Equity and Justice
Equity and Justice
Economic and cultural globalization seem to have ushered in an awkward and potentially unstable period of transition for the world. Even if one supposes that free trade and unrestricted capital mobility can eventually result in global factor price equalization and international equality, the transition may take decades if not centuries. At stake are questions of how to distribute the costs incurred, and the benefits to be derived, by cooperative action to create global public goods or minimize global public bads. Questions of equity are also implicated in the origin of the global problems themselves. International negotiations are influenced by unequal economic and bargaining strengths and the diverse stages of development at which nations find themselves.
The basic argument of this chapter is that equity and distributional criteria must be at the core of a global public goods framework for international cooperation. There are several reasons behind this. First, equity and justice promote cooperative behavior, itself needed for the provision of public goods. Second, when the system is perceived to be fair and equitable, nations will participate in it willingly. Third, global equity is itself a public good that, without cooperation or coercion (i.e., in a decentralized setting), may be undersupplied. The undersupply may be because, e.g., there is no private market through which nations or individuals may meet their need to give.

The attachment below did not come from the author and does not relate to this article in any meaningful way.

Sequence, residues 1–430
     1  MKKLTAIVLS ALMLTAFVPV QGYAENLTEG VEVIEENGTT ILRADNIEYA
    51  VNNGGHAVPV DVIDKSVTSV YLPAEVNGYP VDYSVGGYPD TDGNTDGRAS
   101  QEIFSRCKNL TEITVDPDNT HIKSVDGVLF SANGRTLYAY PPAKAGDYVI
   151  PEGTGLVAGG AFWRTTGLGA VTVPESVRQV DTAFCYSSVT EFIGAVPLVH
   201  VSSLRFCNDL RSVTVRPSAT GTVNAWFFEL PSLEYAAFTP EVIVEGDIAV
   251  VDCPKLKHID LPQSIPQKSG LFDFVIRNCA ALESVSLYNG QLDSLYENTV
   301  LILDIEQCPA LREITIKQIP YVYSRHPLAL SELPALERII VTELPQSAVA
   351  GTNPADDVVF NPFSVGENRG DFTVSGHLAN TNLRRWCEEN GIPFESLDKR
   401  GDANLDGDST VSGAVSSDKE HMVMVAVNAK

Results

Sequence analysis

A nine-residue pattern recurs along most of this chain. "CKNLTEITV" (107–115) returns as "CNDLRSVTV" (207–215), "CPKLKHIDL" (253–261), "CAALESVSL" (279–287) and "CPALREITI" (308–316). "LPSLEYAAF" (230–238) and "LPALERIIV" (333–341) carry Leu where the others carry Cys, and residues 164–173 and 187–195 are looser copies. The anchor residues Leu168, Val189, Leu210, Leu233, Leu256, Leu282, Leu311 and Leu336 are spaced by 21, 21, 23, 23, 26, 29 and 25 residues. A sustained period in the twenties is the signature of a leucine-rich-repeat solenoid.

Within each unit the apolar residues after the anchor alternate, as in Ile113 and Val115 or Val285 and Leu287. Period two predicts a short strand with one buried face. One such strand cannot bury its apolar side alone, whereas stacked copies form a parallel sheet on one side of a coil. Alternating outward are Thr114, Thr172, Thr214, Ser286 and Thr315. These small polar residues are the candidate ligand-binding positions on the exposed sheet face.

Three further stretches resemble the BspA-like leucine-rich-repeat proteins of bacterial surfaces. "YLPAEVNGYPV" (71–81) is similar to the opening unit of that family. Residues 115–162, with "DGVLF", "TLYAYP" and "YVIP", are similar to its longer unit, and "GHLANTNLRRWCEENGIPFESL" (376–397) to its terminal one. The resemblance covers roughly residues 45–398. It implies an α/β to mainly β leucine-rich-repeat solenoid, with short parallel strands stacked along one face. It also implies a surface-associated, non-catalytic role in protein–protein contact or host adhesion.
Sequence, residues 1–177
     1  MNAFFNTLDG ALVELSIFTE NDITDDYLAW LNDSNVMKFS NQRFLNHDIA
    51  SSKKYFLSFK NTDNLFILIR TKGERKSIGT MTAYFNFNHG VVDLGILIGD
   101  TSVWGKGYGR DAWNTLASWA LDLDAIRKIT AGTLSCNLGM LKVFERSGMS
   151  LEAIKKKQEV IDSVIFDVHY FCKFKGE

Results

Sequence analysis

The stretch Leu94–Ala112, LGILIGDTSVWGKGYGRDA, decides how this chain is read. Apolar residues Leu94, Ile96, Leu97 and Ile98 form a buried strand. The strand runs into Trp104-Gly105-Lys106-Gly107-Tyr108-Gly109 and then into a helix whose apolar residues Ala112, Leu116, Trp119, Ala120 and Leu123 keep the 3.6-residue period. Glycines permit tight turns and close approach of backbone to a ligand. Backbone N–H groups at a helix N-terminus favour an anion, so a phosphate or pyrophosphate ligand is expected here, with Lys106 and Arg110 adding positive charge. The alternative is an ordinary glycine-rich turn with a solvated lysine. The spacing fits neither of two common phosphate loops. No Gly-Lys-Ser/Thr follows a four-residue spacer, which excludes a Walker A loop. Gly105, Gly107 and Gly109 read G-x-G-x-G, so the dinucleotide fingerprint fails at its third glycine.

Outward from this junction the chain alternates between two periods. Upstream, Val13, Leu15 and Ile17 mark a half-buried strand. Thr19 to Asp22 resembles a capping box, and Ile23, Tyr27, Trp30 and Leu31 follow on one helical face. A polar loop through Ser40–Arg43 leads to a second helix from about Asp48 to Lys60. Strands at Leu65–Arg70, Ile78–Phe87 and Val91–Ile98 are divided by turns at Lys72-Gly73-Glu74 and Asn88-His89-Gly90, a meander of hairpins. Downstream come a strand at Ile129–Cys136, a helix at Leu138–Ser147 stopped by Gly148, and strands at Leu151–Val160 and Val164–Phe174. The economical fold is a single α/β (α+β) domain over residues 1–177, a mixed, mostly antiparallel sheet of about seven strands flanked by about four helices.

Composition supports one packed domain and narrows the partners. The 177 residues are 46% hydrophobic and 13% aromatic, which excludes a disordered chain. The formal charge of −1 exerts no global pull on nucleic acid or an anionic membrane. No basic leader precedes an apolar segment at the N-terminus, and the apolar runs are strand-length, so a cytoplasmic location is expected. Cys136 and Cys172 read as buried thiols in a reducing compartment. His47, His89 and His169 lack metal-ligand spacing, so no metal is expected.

Thus, the first section of this chapter sets the stage by outlining the continuing role of inequality among nations in shaping the world. The second section considers the potential instrumental value of social cohesion in public goods supply (equity for public goods). After that, the chapter considers how distributional factors affect the demand and supply of public goods. Then, it pursues the proposition (originally from Thurow, 1971) that the distribution of income is itself a public good. The final section offers conclusions. The rest of the chapter illustrates the value of equity for the production of public goods, in the distribution of public goods, and as a public good itself.
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